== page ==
Interview with WGBH Innovation Math Challenge Winners, Andrew Przybylski and Rebecca Schmitt.
Tell us about yourself — what are some of your hobbies?
We are both full-time electrical Engineers. We like to dance the Tango and Waltz, puzzles, archery, and being out in the sun. During the winter months, we to like to do plasma optimization projects and other fun engineering-related activities.
What drew you to the challenge?
We enjoy helping younger kids learn, and as engineers, we want them to be successful in math and understand how important it is and that it doesn’t have to be “boring.”
What is your favorite part in Make it Math?
Our favorite part was when we had a younger audience try the program and saw that they were able to have fun with it, which was what inspired us to complete the project.
How did you choose your topic and what was the reasoning behind the theme?
When we saw there was a contest, a connect-the-dot game immediately came to mind. We chose that game because it’s a fun activity for boys and girls of all ages. We also tried to choose pictures that would be appealing to everyone.
What was your brainstorming/creative process like?
We bounced ideas back and forth and tried to make enough variety to appeal to a wide range of people. We also focused on the web-based section only until we knew we had enough time for the print-out version as well.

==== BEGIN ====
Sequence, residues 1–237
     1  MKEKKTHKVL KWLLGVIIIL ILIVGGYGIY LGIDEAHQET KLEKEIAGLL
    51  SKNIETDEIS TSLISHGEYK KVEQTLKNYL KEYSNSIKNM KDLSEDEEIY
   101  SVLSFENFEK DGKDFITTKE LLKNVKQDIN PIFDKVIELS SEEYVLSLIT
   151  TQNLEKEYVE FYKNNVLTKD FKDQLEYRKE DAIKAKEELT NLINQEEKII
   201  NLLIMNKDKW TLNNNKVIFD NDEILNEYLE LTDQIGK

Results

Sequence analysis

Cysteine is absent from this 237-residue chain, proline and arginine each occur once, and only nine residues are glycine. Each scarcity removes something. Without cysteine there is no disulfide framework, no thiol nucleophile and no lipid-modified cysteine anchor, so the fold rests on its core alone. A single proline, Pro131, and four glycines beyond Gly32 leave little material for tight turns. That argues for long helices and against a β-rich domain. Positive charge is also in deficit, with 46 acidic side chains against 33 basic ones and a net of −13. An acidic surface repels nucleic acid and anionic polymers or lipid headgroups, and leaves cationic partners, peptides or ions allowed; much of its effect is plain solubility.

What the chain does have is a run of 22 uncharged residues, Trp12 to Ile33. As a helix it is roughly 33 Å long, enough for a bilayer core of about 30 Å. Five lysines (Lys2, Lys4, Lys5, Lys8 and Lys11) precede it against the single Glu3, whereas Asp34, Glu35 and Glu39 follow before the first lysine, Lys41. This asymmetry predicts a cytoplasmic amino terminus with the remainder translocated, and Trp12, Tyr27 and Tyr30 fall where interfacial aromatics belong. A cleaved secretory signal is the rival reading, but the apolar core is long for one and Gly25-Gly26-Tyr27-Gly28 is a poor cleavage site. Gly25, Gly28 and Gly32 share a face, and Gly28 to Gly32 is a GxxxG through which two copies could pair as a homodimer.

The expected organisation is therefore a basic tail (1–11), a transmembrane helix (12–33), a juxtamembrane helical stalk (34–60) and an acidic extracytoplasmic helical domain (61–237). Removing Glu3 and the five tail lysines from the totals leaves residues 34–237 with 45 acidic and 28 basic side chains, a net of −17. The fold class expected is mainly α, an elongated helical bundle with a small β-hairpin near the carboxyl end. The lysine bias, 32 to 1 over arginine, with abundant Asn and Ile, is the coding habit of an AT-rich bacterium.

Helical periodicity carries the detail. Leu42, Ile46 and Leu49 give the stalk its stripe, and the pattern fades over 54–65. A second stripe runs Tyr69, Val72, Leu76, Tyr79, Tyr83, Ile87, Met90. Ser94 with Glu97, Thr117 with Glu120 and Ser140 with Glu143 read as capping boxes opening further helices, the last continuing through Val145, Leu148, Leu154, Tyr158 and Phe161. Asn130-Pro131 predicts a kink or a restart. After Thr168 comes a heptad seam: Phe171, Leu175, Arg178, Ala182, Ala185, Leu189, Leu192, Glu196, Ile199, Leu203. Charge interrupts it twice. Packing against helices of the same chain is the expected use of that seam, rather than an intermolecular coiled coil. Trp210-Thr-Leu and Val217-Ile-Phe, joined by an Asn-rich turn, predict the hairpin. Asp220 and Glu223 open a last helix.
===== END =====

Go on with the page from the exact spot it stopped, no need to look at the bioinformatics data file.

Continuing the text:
What are some ways you use math in your everyday life?
We are electrical engineers and use it every day at work. We also apply math in our personal projects at home.
What do you think would make more kids interested in math?
We think kids would be more interested if they focused on the core foundations and ignored all convoluted “tricks” and shortcuts. Math is not simple memorization — trying to memorize every trick takes away from the basic knowledge. This in turn reduces kids’ interest because it becomes too difficult.
How was the collaboration? What roles did you each take on?
Rebecca came up with the design and developed the algorithms for automatically-generated randomized math problems, and Andrew developed the user interface.
How would you like your resource to be used in the classroom?
It could be used as a group competition but is designed mostly for self-competition and as motivation to keep getting better at basic math skills
Is there anything else you’d like to share?
We work well together, and this was a great opportunity for us to share in our excitement to teach kids about math. We will also be getting married this summer!
What is one thing you learned from your Innovation Math Challenge experience?
Even with the toughest audience during our testing phase, we were able to make math fun for them.
What advice do you have for future challenge entrants?
Plan ahead, and create development milestones in order to balance your work.
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